This is an unusual entry, but I have it here for a reason. Jaws is the only entry on this list where I saw the movie before reading the book. The book is more about the relationships among the characters and the shark is secondary. The movie, which I saw in the theater in 1975 when it came out, is more of an action/horror adventure that centers on killing the shark. Much of the intricacy of the book’s relationships are not part of the film making it very different from the book. Jaws, for me, was an example of how an author’s work can be diluted in a movie. Peter Benchley, the 1974 book’s author, was a screenwriter on the film which indicates that he was likely in agreement with much of the change from the book to the film. I’m sure Benchley made a fortune from the film and its sequels. As an author, I suppose he had to make a decision between being true to his vision and cashing in on the opportunity.

So how about you? What movie/book combinations have inspired you? These are just a few of mine, but they were among the most meaningful for various reasons.

36 thoughts on “Do Movies inspire Your Writing? Here are some that inspired mine

  1. Pingback: Do Movies inspire Your Writing? Here are some that inspired mine | Thoughts by Mello-Elo

    • Don, I enjoyed your passion for a good story turned into a movie. In my case, although a movie fan, I have found books always more complete and emotionally enriching than their film versions. For example, The Hobbit, Papillon, Quest for Fire.


  2. I thoroughly enjoyed To Kill a Mockingbird and Of Mice and Men. For me, Harry Potter didn’t inspire me as much as Tom’s Midnight Garden by Phillipa Pearce, which is not in the same league as Harry Potter but still an enjoyable book for all ages. The movie was very disappointing- a watering down of the characters and the impact of their relationships.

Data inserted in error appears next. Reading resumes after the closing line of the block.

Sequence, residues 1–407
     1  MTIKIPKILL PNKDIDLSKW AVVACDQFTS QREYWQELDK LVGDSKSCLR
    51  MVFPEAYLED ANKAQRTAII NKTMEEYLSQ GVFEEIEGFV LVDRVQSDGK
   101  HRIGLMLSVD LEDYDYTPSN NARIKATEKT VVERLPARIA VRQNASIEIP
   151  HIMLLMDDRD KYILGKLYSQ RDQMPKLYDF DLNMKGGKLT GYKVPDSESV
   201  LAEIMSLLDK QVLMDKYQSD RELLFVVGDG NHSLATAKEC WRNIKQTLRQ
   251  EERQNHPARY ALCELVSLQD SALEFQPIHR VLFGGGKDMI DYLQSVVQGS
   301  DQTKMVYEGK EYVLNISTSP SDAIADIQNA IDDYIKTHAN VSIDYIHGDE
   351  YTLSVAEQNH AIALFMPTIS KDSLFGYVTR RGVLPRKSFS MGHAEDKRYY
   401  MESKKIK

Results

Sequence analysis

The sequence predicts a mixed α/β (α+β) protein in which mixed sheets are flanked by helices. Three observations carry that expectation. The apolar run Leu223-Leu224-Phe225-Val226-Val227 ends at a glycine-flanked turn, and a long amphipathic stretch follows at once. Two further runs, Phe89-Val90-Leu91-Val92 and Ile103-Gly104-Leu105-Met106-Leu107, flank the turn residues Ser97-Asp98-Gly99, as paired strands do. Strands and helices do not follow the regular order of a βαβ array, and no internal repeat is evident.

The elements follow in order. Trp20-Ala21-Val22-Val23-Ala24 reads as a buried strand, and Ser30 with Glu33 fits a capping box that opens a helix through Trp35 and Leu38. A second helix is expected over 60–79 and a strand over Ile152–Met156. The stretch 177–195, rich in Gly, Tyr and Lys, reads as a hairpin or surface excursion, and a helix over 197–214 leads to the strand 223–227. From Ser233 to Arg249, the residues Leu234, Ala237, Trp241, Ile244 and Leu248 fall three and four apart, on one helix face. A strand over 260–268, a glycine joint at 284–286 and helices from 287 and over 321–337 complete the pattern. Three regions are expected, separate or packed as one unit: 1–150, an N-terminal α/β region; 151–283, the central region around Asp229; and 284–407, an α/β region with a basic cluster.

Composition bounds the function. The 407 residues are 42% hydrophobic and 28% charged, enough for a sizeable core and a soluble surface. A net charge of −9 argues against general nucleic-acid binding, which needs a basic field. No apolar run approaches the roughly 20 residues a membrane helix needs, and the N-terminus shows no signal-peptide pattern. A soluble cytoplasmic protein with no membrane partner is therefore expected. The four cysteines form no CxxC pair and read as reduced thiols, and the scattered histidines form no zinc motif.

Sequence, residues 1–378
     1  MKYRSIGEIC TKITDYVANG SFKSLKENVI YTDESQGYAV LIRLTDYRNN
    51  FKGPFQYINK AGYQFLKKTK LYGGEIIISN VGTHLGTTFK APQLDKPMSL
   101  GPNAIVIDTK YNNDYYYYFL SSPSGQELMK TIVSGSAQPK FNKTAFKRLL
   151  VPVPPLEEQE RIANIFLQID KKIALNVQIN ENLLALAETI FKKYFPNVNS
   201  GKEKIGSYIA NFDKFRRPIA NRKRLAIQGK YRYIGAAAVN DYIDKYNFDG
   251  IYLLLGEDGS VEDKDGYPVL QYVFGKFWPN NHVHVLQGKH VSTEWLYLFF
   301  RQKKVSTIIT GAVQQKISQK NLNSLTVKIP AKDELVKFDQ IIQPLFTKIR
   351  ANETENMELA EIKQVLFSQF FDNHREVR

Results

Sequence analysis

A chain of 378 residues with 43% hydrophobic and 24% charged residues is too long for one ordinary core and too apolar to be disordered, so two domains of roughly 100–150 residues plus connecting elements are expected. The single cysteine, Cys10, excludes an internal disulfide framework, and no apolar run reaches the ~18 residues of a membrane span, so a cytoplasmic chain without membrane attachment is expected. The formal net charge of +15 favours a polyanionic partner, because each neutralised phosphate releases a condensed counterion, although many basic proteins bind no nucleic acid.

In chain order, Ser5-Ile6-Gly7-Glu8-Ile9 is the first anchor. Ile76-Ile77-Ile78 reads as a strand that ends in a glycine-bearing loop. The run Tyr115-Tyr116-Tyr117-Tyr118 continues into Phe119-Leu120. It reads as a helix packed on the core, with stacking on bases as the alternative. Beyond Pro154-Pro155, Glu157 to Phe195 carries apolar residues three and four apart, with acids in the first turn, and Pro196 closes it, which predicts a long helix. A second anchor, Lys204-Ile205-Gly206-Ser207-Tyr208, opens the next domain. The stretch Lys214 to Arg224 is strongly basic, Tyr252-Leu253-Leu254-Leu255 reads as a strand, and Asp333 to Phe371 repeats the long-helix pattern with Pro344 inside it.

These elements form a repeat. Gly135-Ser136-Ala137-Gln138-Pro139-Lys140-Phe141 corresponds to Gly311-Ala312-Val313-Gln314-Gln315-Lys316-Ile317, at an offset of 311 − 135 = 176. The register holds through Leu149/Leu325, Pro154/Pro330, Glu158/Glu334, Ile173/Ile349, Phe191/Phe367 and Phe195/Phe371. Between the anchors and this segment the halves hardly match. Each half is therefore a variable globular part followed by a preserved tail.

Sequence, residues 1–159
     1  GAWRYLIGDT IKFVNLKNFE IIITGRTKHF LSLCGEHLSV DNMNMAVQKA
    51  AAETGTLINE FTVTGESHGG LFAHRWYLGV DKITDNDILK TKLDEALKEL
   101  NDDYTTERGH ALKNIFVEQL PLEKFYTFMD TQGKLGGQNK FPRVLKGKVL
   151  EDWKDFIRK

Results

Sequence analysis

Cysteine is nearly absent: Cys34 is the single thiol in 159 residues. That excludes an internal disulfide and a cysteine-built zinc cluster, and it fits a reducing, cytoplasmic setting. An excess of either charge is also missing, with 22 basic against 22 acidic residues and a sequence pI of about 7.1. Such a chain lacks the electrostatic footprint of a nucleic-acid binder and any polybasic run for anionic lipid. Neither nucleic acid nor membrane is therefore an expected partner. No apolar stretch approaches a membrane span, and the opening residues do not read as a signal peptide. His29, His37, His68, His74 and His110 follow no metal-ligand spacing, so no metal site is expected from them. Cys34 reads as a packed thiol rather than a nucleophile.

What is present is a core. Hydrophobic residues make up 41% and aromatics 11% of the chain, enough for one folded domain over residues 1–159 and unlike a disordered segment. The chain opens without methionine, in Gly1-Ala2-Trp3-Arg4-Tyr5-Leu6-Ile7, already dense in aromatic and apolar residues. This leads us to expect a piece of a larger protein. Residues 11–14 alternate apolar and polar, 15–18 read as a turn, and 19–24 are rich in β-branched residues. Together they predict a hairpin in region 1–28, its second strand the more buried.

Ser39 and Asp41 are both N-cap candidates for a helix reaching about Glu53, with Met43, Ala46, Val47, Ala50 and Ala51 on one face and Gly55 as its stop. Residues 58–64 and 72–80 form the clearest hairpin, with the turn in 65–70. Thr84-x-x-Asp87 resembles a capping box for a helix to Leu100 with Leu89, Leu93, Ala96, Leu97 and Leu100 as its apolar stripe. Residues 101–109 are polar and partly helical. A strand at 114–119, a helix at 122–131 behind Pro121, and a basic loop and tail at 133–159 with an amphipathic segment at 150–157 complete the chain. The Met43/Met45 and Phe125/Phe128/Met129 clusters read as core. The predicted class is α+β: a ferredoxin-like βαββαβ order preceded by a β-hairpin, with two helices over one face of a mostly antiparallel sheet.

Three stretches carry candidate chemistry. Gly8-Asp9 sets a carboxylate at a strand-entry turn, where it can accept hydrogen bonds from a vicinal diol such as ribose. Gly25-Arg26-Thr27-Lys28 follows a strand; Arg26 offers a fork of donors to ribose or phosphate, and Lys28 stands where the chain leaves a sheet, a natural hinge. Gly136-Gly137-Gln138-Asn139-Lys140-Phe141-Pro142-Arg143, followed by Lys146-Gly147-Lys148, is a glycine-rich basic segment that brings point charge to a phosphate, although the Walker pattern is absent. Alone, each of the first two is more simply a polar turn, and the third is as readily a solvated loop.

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  3. Pretty sure I’d run out of space and time writing all of the books, movies, shows, and video games that inspired me. ‘Books of Lost Swords’ by Fred Saberhagen was the one that made the spark to be an author though. Have to give a nod to Tolkien and Lewis as well. Funny thing is that the modern fantasy books like Harry Potter and GoT haven’t really inspired me. Not sure why.

    We’re actually finishing up ‘Of Mice and Men’ in school. That’s the only Steinbeck novel that I enjoyed. Never saw the movies, but we’re watching the one with Sinise and Malkovich. Malkovich does play a really good Lennie.

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  4. Those are all fabulous films, Don. I can see how they would inspire you. Movies don’t generally inspire my writing, but sometimes music does. So I know exactly what you mean about that ‘spark.’

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    • Yes. Your musical references with most of your posts are clever, by the way. I also draw inspiration from news stories and observations. My biggest influence for my detective series was the television show, The Rockford Files. I liked the idea of a detective living on a shoestring budget that never seems to get ahead.